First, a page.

A) Nate Wolters made his return to the court after an injury that kept him on the shelf for a month and a half. He made played a bit on Thursday at Alba Berlin and played close to 20 minutes against Holon as he looks to get back to his pre-injury form. Coach Sfairopoulos spoke about the guard’s comeback, “Nate is coming back after an injury and we are working with him really well as the staff does with all the players. I am happy that we have this group of professionals. Nate is getting back to his game rhythm and I’m happy that he is getting better game by game.” Elijah Bryant also talked about the challenge that Wolters will have as he tries to get back into form, “It was good to have Nate back and he’s trying to find his rhythm. It’s hard to come back after a long time and to find his rhythm. We support him and we’re glad to have him.”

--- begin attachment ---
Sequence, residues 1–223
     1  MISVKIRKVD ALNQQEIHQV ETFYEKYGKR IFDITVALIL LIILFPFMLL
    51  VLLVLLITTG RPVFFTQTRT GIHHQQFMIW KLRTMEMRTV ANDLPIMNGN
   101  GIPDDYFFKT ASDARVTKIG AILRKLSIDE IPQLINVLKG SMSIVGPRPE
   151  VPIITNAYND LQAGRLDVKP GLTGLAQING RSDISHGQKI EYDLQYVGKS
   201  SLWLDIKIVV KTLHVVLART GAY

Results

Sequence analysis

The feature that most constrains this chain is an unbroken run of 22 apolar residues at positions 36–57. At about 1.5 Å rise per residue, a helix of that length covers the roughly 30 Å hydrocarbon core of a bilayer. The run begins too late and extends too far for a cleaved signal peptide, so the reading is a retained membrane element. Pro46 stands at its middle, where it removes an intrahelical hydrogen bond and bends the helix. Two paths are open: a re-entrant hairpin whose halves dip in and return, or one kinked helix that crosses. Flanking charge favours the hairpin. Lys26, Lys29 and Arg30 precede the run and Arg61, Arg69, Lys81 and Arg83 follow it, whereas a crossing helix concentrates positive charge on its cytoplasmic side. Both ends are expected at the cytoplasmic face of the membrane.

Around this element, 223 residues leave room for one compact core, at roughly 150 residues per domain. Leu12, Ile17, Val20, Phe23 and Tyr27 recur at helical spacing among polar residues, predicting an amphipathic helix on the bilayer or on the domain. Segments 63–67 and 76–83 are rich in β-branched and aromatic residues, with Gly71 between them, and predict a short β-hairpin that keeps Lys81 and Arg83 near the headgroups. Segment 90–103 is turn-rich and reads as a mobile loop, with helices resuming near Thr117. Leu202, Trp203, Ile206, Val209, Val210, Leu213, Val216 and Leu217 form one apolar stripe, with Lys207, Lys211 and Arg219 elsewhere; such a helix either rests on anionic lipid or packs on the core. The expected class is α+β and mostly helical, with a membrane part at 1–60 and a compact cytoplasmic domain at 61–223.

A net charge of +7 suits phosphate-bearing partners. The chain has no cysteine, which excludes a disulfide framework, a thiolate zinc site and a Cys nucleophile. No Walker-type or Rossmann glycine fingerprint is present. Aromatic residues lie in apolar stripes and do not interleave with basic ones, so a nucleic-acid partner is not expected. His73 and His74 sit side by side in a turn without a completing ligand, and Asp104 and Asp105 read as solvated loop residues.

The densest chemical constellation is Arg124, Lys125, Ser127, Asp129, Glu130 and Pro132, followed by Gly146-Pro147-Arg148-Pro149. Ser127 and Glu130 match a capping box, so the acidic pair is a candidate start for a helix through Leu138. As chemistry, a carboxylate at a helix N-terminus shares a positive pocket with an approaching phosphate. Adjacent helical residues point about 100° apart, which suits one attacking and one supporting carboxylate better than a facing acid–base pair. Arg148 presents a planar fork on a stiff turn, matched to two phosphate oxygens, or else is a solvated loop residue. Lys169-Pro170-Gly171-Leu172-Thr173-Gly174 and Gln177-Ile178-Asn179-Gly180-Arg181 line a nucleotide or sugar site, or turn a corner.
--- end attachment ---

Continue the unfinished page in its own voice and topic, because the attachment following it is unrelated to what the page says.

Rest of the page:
B) It’s never easy to come back to play an Israeli league game 48 hours after playing a road game in the Euroleague and with two top notch contests coming up against Barcelona and Milano. Coach Sfairopoulos was very complimentary of his players that they were able to do just that and take a hard fought victory, “The players need to be given credit for winning on the road after an away victory in the Euroleague. After the first few minutes we controlled the game. Holon is a good team that can score in various ways but we attacked smart and scored some easy baskets. Elijah Bryant also talked about the victory against a quality Holon team, “It was a fun win. We did some good things and things we need to work on but we got a win and that’s all that matters. It’s basketball which is a game of runs. They have some talented players and we were able to match their talent and get a win.”